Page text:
My dreams were to be a concert violinist, a peanut a zoo attendant a zebra, a painter an elephant a duck a pastry a building. I’ve lived to become all those things.
I sat on the bed in my room, cradling the gun in my hands. I sat there all day. At five o’clock, I went out to sell a painting to Danny Turner. He asked me to stay for dinner. I refused. I bought bullets for my revolver. I went back to the lake and offered the ducks some bullets to nibble on. They came up to me, expecting pastry; but left when they discovered the bullets. I took out my sketchpad and drew a bullet growing out of the ground, with pastries hanging off its branches. I took the picture home and put it in my drawer. I unwrapped my gun and stared down the barrel. Finally, I took the bullets from my pocket. I loaded the gun. I put an apple on my windowsill, opened the window, and fired. The apple exploded into space. I took the rest of the bullets, threw them out the window, wrapped the gun back up, and put it in my drawer.
I’m meeting Danny for lunch. He wants me to do a show in his gallery. He wants it to be me, alone. I am alone. I’m taking the gun with me to lunch.
Today is Friday. I slept on Wednesday and Thursday, except for a visit to the ducks. I bought fifteen pastries and left them by the side of the lake.
I’m doing paintings for the exhibit. The walls of my room are covered; now, I’m painting for the public. A violin, a duck, a pastry; an elephant, a zebra, and a wine bottle. I painted a picture of a party and a man in the corner of the room. I’ve painted it before.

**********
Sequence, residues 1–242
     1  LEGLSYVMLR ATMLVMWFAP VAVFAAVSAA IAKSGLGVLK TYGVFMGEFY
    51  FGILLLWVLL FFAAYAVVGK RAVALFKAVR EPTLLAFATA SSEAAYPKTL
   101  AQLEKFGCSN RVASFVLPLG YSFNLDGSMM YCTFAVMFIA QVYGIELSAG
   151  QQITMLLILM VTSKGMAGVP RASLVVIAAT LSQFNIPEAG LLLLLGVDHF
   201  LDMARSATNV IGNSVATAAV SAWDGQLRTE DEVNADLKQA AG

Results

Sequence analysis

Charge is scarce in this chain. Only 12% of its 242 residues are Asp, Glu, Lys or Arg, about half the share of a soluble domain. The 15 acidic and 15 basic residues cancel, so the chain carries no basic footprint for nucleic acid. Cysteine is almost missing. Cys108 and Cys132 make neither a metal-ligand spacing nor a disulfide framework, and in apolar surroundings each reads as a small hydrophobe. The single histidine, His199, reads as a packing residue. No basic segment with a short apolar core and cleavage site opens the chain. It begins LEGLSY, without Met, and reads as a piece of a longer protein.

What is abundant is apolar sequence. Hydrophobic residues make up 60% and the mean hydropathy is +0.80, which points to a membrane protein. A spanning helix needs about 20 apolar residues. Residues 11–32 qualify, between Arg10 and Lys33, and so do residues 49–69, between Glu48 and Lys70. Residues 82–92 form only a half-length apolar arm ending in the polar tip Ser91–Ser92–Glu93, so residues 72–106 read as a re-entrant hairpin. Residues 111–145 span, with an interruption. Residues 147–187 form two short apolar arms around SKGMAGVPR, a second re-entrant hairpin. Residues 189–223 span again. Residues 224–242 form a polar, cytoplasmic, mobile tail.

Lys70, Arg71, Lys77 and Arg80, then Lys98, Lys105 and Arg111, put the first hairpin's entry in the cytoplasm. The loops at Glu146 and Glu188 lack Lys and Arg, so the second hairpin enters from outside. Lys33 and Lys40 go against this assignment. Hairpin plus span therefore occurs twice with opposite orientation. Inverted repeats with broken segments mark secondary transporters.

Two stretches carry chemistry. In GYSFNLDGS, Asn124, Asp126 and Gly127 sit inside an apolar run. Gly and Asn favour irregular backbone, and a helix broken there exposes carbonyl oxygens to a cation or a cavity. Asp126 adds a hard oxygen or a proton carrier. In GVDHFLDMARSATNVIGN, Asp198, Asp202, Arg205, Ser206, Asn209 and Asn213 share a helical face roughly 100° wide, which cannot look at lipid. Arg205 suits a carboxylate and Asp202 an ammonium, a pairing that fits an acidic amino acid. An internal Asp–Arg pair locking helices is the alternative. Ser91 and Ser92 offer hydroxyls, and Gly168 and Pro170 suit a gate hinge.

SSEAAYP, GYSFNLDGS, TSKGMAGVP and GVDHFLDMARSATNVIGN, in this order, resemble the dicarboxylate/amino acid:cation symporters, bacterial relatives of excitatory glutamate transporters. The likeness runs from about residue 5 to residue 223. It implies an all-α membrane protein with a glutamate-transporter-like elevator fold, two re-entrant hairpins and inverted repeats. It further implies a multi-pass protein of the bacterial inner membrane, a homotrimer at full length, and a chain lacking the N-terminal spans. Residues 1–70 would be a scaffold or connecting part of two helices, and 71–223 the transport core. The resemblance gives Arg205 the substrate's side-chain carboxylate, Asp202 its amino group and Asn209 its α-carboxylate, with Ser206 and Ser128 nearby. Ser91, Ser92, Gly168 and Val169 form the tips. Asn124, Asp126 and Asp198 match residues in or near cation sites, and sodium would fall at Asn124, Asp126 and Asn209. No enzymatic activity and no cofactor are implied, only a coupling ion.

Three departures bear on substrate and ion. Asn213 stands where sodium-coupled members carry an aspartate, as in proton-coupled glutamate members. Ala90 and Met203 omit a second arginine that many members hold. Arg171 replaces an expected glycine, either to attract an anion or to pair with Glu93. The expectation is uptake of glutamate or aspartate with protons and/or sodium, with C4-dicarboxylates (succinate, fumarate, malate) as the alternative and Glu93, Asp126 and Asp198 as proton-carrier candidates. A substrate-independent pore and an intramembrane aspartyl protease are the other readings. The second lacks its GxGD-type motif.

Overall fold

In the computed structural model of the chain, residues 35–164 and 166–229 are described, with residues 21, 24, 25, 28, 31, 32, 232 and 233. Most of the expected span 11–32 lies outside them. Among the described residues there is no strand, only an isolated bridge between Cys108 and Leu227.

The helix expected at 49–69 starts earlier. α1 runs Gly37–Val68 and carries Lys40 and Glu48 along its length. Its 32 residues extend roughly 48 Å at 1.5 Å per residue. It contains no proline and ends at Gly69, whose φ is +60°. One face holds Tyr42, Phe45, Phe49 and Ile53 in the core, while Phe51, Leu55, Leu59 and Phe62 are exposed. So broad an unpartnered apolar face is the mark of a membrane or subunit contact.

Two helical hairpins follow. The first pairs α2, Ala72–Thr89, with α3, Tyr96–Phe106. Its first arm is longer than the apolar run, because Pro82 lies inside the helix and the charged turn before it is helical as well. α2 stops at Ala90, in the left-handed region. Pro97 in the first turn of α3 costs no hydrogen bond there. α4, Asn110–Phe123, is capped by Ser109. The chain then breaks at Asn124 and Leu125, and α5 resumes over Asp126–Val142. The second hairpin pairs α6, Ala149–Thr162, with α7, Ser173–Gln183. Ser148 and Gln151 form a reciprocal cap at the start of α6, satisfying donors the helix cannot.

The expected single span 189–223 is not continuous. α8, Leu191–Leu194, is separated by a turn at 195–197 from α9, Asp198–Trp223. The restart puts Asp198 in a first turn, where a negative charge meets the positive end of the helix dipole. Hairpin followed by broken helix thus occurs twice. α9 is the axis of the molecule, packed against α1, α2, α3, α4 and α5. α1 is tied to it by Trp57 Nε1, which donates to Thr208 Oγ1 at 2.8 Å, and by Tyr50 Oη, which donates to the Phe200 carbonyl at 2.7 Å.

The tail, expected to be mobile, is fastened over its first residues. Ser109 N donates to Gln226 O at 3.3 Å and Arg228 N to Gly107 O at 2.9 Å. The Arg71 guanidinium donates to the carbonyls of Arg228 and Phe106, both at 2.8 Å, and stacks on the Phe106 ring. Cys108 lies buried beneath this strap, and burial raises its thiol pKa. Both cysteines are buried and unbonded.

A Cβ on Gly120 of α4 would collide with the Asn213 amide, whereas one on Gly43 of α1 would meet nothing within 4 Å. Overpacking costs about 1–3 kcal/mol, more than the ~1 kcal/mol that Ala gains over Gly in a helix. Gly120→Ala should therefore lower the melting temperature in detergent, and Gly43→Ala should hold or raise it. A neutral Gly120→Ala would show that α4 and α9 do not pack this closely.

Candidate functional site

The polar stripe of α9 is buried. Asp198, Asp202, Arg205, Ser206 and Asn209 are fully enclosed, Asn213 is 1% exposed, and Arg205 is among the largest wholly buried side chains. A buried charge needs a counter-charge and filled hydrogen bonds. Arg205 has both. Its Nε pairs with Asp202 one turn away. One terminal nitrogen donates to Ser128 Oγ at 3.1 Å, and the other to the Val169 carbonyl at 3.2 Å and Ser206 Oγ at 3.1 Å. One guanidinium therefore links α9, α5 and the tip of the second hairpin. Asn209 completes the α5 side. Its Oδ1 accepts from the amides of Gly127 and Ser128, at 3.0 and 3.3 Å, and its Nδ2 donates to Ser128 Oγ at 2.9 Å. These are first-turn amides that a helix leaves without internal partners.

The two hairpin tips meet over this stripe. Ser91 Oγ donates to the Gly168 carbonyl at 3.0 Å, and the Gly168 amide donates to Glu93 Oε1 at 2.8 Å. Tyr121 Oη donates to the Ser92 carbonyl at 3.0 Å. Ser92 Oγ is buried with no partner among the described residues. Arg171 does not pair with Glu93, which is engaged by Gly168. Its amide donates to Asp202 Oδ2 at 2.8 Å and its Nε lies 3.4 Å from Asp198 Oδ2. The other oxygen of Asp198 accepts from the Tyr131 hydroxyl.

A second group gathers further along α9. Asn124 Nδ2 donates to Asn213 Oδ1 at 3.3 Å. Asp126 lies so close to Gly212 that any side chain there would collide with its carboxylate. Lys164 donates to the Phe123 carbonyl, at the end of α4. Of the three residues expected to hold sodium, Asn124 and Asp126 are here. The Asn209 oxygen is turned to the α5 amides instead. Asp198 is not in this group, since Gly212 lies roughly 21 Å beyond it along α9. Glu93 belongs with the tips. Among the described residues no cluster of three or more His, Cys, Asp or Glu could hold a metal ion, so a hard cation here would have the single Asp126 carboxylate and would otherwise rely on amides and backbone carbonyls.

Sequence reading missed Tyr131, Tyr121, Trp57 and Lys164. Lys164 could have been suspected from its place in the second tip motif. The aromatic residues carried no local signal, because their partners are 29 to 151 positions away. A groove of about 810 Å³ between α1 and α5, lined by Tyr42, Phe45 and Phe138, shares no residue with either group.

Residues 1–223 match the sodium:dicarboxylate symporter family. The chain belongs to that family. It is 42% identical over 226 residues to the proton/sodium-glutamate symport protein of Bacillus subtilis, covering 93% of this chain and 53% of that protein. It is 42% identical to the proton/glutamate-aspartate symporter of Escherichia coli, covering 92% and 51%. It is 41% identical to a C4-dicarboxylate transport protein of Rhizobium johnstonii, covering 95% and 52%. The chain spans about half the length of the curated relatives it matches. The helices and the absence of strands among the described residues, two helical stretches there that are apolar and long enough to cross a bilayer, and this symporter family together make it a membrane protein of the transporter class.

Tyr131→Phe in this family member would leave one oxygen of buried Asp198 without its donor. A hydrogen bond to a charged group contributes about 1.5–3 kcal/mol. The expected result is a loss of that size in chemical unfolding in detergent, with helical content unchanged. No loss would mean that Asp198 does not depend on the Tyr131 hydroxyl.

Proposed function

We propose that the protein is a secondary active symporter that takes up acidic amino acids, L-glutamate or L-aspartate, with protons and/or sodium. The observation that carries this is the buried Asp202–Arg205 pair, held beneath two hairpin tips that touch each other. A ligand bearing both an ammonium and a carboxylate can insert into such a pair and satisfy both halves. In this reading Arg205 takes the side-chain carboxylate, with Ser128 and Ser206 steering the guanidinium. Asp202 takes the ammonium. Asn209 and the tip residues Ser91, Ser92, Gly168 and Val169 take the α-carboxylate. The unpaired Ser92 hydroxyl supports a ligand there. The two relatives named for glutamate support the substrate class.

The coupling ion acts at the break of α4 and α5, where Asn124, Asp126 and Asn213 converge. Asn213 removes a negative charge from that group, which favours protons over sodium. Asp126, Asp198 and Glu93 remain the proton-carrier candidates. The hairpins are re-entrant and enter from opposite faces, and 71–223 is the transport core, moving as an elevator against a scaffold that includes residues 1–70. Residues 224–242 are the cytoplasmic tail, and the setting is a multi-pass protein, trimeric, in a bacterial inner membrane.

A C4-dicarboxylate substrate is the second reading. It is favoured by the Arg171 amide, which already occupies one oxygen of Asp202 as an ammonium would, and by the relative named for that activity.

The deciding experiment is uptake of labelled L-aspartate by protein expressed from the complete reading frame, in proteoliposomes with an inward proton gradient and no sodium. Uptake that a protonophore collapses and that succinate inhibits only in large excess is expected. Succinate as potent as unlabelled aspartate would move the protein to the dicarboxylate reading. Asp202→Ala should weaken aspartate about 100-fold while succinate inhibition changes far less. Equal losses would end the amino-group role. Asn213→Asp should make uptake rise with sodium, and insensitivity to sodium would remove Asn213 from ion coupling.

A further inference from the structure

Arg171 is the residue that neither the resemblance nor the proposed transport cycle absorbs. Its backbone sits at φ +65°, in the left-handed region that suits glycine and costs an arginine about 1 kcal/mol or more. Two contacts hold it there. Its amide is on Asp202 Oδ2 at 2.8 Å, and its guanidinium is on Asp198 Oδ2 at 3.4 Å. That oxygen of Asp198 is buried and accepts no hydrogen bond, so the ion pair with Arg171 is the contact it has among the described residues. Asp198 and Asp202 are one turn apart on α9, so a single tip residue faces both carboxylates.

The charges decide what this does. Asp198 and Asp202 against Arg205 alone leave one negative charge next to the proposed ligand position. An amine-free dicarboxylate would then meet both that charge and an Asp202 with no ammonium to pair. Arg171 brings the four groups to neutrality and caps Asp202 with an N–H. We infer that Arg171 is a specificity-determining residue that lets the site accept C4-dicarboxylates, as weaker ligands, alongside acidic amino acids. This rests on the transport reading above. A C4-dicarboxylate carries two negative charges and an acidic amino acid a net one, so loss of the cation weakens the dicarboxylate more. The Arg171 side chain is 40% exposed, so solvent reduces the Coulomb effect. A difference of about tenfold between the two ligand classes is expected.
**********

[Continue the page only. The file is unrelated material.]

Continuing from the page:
Danny is having the opening this Saturday night, at his gallery. He’s pleased with the outcome of my work. Several people want to meet me. My work has been selling. They want more. I sketched a picture of myself walking alongside a duck. The duck is my size, and its enormous, webbed foot is about to come down on a gun. I don’t know if the gun is loaded or not. I put the picture on my ceiling, above the bed. I bought a hanging plant. I look at the picture through the leaves of the plant.
I bought a pastry on the way to Danny’s and stopped at the lake to feed the ducks. I drew a picture of the water, and a tree in the middle of the lake growing pastries off its branches. I felt like going home. Instead of showing at Danny’s, I would paint the picture. I stood by the lake. At home, the gun lay in my drawer. I walked back to my room, but didn’t paint. I pulled out my gun and returned to the lake. At the edge of the water, I dug a hole. I buried the gun.
At the opening, I gave my sketch to a woman who asked for it. I’m a success. I’m a tree with pastries hanging off me, growing in the middle of a lake.
Everyone was eating cheese and crackers and drinking wine. My paintings were on the walls.